There is some truth to the monoculture argument. The Morris worm was a classic case of monoculture. But Microsoft does deserve particular brickbats for the notion of Active-X, which has at its core a notion of inherently flawed security. It's one thing to have a pickable lock, it's quite another to put a good deadbolt on the screen door.

So, yeah, pick one of the non-market leaders wherever possible. This encourages diversity (perhaps the most important) and protects you from the big exploits. But don't accept monoculture as an excuse for stupidity.

#Comment made: 2002-03-22 02:25:53+00 by: concept14

For what it's worth, Opera 4 in Windows shows the elephant -- same as IE!

#Comment made: 2002-03-22 10:22:52+00 by: canis

The exploit in the 2nd example has been doing the rounds for a while, I believe (a cursory glance at the source looked very similar to the one I saw previously, but it might be using some subtle variation). I'll try and remember to dig out the original URL later, with full explanation.

While it certainly has the potential to be annoying, I don't think it's particularly dangerous, because there doesn't seem to be a way to include command-line parameters, and you can't arrange for an executable of your own to be in a known place on their machine either (it's easy enough to get one on their machine -- img src=blah.exe -- but the cache isn't a normal/predictable part of the file system so you can't point the exploit at it). So unless there's a particularly dangerous program already on user's drives at a known location that doesn't require any command-line parameters or user confirmation it's limited to just popping up lots of desktop apps. Which is still breathtakingly moronic, but hey, as Dan points out: ActiveX! Duh!

#Comment made: 2002-03-22 10:25:58+00 by: canis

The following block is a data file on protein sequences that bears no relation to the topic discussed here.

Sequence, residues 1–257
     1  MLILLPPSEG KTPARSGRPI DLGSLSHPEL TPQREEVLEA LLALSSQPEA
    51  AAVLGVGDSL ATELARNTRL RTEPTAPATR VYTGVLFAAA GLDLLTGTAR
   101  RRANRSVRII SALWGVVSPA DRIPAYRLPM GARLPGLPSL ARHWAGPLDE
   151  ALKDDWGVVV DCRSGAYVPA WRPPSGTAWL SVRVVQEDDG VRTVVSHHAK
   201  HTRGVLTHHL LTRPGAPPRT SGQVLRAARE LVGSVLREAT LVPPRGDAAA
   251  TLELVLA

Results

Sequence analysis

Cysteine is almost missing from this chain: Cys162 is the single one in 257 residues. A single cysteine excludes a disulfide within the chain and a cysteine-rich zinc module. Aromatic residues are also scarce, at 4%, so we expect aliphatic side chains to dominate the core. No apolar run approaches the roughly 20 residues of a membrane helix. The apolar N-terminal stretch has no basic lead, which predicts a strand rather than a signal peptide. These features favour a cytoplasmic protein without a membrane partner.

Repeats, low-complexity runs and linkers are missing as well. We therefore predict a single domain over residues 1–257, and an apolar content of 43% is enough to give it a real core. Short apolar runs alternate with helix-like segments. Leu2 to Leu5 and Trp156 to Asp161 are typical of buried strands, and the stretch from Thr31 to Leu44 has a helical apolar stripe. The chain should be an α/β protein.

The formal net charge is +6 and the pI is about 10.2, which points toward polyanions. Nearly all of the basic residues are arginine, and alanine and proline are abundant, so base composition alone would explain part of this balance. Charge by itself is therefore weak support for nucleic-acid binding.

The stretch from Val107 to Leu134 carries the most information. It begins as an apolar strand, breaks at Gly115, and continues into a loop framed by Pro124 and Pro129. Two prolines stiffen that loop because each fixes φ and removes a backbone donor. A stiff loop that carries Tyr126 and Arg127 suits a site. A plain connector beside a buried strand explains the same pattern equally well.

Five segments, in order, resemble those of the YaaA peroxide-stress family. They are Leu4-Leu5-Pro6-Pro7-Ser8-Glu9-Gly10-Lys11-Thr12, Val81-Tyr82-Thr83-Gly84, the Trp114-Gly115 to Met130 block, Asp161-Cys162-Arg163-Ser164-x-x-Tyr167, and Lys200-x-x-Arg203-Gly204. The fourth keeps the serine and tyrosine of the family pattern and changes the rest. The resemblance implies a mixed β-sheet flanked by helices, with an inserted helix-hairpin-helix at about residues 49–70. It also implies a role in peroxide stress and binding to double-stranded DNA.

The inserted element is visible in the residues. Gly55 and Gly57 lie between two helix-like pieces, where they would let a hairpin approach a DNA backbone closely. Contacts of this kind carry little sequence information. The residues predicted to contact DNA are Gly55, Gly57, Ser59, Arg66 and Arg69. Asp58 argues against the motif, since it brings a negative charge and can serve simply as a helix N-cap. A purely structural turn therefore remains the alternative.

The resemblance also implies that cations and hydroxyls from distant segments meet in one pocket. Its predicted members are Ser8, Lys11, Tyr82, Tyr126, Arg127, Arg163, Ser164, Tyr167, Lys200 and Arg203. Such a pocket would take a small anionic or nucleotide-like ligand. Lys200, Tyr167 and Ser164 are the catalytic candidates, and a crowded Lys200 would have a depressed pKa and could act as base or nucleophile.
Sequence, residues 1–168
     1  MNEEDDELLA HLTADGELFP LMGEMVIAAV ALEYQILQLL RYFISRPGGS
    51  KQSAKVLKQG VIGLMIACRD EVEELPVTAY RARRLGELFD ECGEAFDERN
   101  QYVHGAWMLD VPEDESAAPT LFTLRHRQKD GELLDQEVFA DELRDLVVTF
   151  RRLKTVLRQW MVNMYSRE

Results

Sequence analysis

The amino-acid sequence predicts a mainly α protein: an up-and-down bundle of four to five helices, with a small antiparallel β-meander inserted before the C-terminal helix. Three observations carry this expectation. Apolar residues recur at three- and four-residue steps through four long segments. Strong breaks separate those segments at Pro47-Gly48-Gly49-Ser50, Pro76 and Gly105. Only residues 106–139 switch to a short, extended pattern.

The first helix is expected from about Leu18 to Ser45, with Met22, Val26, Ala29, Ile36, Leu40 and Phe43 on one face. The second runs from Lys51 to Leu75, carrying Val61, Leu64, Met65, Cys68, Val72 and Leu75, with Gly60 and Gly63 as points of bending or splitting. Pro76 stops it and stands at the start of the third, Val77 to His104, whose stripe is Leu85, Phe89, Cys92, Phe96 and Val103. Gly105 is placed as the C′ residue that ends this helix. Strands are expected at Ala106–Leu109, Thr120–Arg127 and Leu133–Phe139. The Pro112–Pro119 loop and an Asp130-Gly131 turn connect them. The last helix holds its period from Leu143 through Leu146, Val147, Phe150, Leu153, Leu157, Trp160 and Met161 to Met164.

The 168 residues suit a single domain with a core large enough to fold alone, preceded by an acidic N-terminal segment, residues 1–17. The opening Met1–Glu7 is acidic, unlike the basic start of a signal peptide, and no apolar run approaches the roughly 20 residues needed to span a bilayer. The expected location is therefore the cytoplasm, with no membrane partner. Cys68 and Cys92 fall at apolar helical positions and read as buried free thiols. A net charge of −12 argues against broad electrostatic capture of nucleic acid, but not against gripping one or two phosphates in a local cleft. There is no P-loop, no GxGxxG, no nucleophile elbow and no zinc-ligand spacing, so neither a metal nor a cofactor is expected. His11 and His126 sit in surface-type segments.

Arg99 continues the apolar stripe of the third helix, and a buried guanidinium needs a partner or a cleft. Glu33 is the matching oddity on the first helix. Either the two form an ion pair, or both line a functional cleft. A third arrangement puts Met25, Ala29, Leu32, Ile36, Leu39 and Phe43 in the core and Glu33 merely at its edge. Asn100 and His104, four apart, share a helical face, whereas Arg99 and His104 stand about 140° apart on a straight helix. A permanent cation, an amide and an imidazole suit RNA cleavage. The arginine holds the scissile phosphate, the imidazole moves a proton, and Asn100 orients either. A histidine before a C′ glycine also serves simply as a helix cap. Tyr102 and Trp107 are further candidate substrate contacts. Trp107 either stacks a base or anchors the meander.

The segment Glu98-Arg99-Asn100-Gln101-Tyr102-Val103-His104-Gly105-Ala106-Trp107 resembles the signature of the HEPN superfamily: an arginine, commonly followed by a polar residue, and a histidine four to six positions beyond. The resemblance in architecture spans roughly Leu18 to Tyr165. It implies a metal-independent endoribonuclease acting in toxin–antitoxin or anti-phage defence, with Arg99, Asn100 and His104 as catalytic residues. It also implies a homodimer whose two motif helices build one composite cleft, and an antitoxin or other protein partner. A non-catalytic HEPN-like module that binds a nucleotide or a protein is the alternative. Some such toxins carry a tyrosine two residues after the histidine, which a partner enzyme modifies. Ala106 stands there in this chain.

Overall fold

Oh! And I forgot to mention, you can embed it in email messages; I sent a test mail to my work account (Outlook, *ugh*) from my home account (pine) and opening the email launched the app I'd specified. That's special.

#Comment made: 2002-03-22 17:03:57+00 by: other_todd

Shawn, Dan: I goofed; for the second browser difference example I saw those two images side by side in a table and I didn't bother to read the source closely - or examine the image alone, like I immediately did for the first example. I jumped to conclusions because I have been burned so many times in trying to get tables to lay out multiple images in even remotely similar ways between Netscape and IE. Sorry about that.

#Comment made: 2002-03-22 17:05:25+00 by: TheSHAD0W

> I don't think it's particularly dangerous, because there doesn't seem to be
> a way to include command-line parameters, and you can't arrange for an
> executable of your own to be in a known place on their machine either

Heh. What about, say, IIS?

#Comment made: 2002-03-22 17:09:56+00 by: other_todd

By the by, this Magnus Bodin fellow has a number of very interesting ways to waste time. (This is generally true of people who know about Raymond Queneau.)

#Comment made: 2002-03-22 18:12:13+00 by: Shawn

canis, my boss and I have been experimenting with this and you appear to be correct - we haven't found a way to pass parameters. I've got to believe that there is a way though - somehow. And if there is, then you can use the client's own ftp program to place your own exe on the machine. I know some guys at my last job who were experimenting with this angle using unsecured MS SQL Servers (which apparently can be found on a lot of tech professionals' personal machines. Our own network administrator, for example, had a SQL Server running on his desktop with the default administrator password still in place - and his was the machine they were using to conduct their experiments ;-).

#Comment made: 2002-03-23 00:03:26+00 by: Dori

Re ActiveX: it's the same monoculture thing. To the best of my knowledge, you only have to deal with ActiveX if you're talking about a MS browser on an MS OS.

Stop using apps from your OS vendor, and ActiveX is no longer an issue.

#Comment made: 2002-03-23 00:41:58+00 by: Larry Burton

Dori, you know that and I know that and probably everyone that reads and comments on Flutterby knows that but if I try to explain that to any of my customers one of their managers will whip out a PowerPoint presentation after I'm gone explaining the strategic business advantage of using a common vendor who is uniquely qualified to tightly integrate their desktop products with the OS.